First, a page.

The Vikings’ 53-man roster showed an interesting mix of status quo and an eye on the future. Some productive veterans unexpectedly saw their Minnesota career end this weekend. Other players, young and experienced alike, made the final cut, against projections. Overall, it was quite the eventful couple of days for one of the league’s leading contenders.
Let us have a look at some of the more interesting moves the Vikings made over the weekend.
A Viking Lifer Gone
Brian Robison was a lock to make the roster by all accounts. He had been with the team since 2007; he has 60 career sacks in purple; and even in his age-35 preseason, he was taking first team snaps when Everson Griffen sat out. Yet, here we are. For the first time in over a decade, the Vikings will head into the regular season without number 96 in the rotation. The move was clearly a combination of money-saving and talent-building. Minnesota has a number of young defensive linemen who have shown they have what it takes to play regularly on Sundays. Still, the move stung many a fan of the purple and gold.
Mix of Upside and Proven Production to Replace Robison
Speaking of those young defensive linemen, one surprise was the cutting of Ifeadi Odenigbo. The second-year combo lineman from Northwestern was all over the field this preseason. When the news dropped that Robison would be gone, the prevailing wisdom was that Odenigbo had a spot waiting for him. Alas, the Vikings instead went with rookie Jalyn Holmes and veteran David Parry for the back end of the tackle rotation. Additionally, Tashawn Bower and Stephen Weatherly, in their second and third years, respectively, will both likely see a major uptick in snaps this year without Robison. Bower looked the part in preseason as a pass rusher, while Weatherly’s combination of length and run stopping ability make him a versatile piece to spell starters Griffen and Danielle Hunter.
Newman’s Curtain Call, Quick Turnaround to Coach
This would have been Terence Newman‘s age-40 season, and likely would have been his last anyway. As it turned out, rookie Mike Hughes took to the NFL quicker than expected, and frankly, there was not a spot for Newman in the rotation anymore. His spot was a valuable one, as bubble guys Jayron Kearse and Holton Hill both are big, athletic defensive backs with potential as both defenders and special teamers. At this point in time, they simply offered more than Newman would both in the here-and-now and down the road. So in that regard, Newman’s retirement, while unexpected, makes a lot of sense. It makes even more sense now that we know that he will join Mike Zimmer’s coaching staff. Newman played in the league for 15 years, nine of which he teamed with Zimmer. No one knows Zimmer’s scheme better than Newman, and he should prove a valuable asset to the young secondary.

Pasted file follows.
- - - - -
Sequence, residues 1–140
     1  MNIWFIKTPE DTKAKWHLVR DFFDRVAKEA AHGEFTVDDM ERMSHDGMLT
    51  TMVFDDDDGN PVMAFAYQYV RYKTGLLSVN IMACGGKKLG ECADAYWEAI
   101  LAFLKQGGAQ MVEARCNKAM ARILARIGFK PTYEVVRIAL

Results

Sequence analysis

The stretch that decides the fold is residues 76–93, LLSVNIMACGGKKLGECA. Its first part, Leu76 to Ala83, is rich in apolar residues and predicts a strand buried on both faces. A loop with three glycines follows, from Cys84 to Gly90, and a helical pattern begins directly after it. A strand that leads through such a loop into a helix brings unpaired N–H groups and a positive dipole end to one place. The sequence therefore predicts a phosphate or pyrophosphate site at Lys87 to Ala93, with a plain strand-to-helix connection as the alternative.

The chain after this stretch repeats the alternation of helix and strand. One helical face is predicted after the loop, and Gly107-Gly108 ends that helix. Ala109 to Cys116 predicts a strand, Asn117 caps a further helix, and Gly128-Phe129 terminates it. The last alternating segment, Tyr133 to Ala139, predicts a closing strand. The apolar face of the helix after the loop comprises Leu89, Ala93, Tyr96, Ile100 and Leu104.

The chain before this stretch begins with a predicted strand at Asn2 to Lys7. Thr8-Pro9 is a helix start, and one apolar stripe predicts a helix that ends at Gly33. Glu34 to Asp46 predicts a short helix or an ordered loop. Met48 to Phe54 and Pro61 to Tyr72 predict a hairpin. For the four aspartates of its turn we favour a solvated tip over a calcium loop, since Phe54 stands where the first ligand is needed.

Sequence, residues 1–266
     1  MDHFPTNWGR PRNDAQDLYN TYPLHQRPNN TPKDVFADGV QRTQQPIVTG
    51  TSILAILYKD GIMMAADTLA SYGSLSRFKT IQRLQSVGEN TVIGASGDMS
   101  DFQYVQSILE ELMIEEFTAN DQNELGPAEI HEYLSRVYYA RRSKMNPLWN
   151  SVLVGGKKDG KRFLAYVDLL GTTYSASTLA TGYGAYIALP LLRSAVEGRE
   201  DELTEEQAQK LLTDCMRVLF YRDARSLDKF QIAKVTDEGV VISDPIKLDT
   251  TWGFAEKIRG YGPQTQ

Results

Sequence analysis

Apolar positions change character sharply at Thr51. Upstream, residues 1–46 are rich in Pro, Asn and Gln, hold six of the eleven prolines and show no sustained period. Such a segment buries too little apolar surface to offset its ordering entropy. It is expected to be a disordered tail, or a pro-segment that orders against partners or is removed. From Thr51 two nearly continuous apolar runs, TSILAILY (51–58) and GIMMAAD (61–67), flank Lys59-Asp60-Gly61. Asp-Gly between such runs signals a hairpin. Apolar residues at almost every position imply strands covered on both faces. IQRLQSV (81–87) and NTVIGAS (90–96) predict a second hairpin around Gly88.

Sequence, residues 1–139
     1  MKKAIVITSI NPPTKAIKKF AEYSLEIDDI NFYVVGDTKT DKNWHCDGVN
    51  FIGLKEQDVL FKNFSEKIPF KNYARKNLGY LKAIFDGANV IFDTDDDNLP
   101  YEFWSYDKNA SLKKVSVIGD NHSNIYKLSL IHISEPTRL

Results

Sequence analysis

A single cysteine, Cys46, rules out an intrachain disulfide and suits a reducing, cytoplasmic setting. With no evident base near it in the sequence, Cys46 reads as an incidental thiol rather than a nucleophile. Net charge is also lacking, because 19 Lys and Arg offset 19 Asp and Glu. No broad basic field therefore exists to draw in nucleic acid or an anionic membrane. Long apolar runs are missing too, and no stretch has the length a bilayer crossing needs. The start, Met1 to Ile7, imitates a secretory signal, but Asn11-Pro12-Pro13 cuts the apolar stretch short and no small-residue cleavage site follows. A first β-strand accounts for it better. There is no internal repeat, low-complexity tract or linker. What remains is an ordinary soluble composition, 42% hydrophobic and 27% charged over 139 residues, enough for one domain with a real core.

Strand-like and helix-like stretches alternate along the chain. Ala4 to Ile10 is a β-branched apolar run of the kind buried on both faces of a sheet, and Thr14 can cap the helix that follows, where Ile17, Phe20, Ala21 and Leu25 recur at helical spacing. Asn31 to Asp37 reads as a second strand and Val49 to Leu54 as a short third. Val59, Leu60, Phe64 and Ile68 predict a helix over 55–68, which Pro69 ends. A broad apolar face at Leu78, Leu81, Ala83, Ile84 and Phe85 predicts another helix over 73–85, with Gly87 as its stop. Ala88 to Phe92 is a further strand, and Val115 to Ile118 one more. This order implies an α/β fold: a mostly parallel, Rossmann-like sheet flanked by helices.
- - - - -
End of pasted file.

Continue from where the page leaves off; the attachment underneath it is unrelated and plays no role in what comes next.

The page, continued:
Both Enticing UDFA Running Backs Stick
Through one preseason game, Roc Thomas was the star of the Vikings’ offense. The third running back job looked his, given his change-of-pace, classic third-down back style. Well, there were still three more preseason games to be played. And in every one of those, Mike Boone looked the part of a legitimate NFL back in both the run and the pass. It seemed open-and-shut; Boone would be the third back and Thomas would be cut. As luck would have it, the Vikings saw enough from each to retain both for the 53-man roster. Essentially, with the Vikings also retaining fullback C.J. Ham, they have five running backs to open the season. But Boone and Thomas both provide enough variety that each should be able to contribute in some form.
Quigley’s Preseason Struggles Cost Him
Punter Ryan Quigley‘s 2017 season was a surprising bar stool debate. On the one hand, he pinned the ball inside the 20 as well as any punter in the league. On the other, he had one of the worst net averages in the league. Still, his job seemed safe as no other punter competed with him in preseason. But after a poor four-game stretch, including a blocked punt in Tennessee, the Vikings put in a claim for journeyman Matt Wile. Though Quigley initially made the 53-man roster, Minnesota let him go after winning their claim for Wile.
Wile has played for the Falcons and Cardinals since entering the league in 2015. He spent this preseason with Pittsburgh, putting up some solid numbers despite being cut. Ultimately, it seemed the Vikings preferred his stronger leg (46.1 gross average in his NFL career) over Quigley’s accuracy.
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